More visas for Afghans who helped US included in spending bill

Visas are set to become available to those who worked with US forces during American occupation of Afghanistan.

 Afghan refugee children hold signs meant to grab the attention of the White House during this week's protests in Abu Dhabi (photo credit: FROM THE MEDIA LINE)
Afghan refugee children hold signs meant to grab the attention of the White House during this week's protests in Abu Dhabi
(photo credit: FROM THE MEDIA LINE)

A provision to provide 4,000 more visas for Afghans who worked with the United States was included in a massive government spending bill unveiled on Monday, along with an extension of the Special Immigrant Visa (SIV) program until 2024.

SIVs are available to many Afghans who aided US forces as interpreters and translators, as well as in other roles, and who fear reprisals by the Taliban, the Islamist militant group that swiftly seized the country when US forces withdrew in August 2021.

But while thousands have come to the United States under the program, many thousands more remain in the country, delayed by a complicated vetting process that can move at a snail's pace. Advocates estimate there could be 60,000 left who worked with Americans during the 20-year occupation.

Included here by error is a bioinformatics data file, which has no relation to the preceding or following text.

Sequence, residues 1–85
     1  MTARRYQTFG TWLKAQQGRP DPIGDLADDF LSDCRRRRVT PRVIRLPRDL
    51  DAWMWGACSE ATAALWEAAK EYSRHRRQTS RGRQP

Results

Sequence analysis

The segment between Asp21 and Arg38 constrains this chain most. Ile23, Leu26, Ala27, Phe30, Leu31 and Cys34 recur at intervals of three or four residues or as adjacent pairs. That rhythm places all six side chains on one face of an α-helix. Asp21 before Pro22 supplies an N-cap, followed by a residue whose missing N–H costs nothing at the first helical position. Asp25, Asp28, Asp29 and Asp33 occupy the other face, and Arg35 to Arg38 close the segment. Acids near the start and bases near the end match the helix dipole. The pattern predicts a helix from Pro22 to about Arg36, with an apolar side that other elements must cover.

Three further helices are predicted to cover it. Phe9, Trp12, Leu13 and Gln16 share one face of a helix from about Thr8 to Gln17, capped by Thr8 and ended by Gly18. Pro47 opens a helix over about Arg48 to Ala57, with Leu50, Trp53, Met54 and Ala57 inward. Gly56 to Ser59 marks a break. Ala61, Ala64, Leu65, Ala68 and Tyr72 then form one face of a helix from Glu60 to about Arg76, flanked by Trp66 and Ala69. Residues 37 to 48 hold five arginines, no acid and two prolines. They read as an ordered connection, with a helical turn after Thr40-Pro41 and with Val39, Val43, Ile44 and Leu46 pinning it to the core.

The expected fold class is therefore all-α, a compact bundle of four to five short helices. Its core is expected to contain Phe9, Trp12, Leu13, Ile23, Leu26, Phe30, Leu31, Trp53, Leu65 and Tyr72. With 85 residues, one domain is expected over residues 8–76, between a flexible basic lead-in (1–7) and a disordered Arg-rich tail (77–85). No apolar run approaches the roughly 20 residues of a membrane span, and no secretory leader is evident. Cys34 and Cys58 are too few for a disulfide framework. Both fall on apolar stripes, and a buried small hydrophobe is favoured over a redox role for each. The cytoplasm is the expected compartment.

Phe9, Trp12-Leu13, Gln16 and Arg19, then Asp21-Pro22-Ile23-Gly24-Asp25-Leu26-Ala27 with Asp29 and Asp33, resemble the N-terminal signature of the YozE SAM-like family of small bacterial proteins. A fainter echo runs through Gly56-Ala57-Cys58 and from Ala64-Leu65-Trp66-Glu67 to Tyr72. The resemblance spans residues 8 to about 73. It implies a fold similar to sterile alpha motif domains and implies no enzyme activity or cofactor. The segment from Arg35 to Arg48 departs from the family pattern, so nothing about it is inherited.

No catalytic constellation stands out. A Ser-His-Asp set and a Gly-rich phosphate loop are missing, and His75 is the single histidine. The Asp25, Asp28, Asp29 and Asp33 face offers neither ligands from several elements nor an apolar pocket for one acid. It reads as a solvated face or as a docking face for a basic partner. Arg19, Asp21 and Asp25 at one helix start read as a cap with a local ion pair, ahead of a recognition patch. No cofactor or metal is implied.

Paying it forward to those who helped US forces

The program's inclusion in the omnibus means it will not expire next year, which was a risk after it was not extended in the annual National Defense Authorization Act passed this month.

Backers of the SIV program have pushed for its expansion for years, despite stiff opposition from opponents who insist an influx of Afghans could pose a security threat.

 AFGHAN REFUGEES arrive at Dulles International Airport in Virginia in September. (credit: KEVIN LAMARQUE/REUTERS) AFGHAN REFUGEES arrive at Dulles International Airport in Virginia in September. (credit: KEVIN LAMARQUE/REUTERS)

"This is about upholding the vow we made to the brave individuals who risked their lives and the safety of their families for the US mission," Senator Jeanne Shaheen, a leader of the fight for the provision, said in a statement.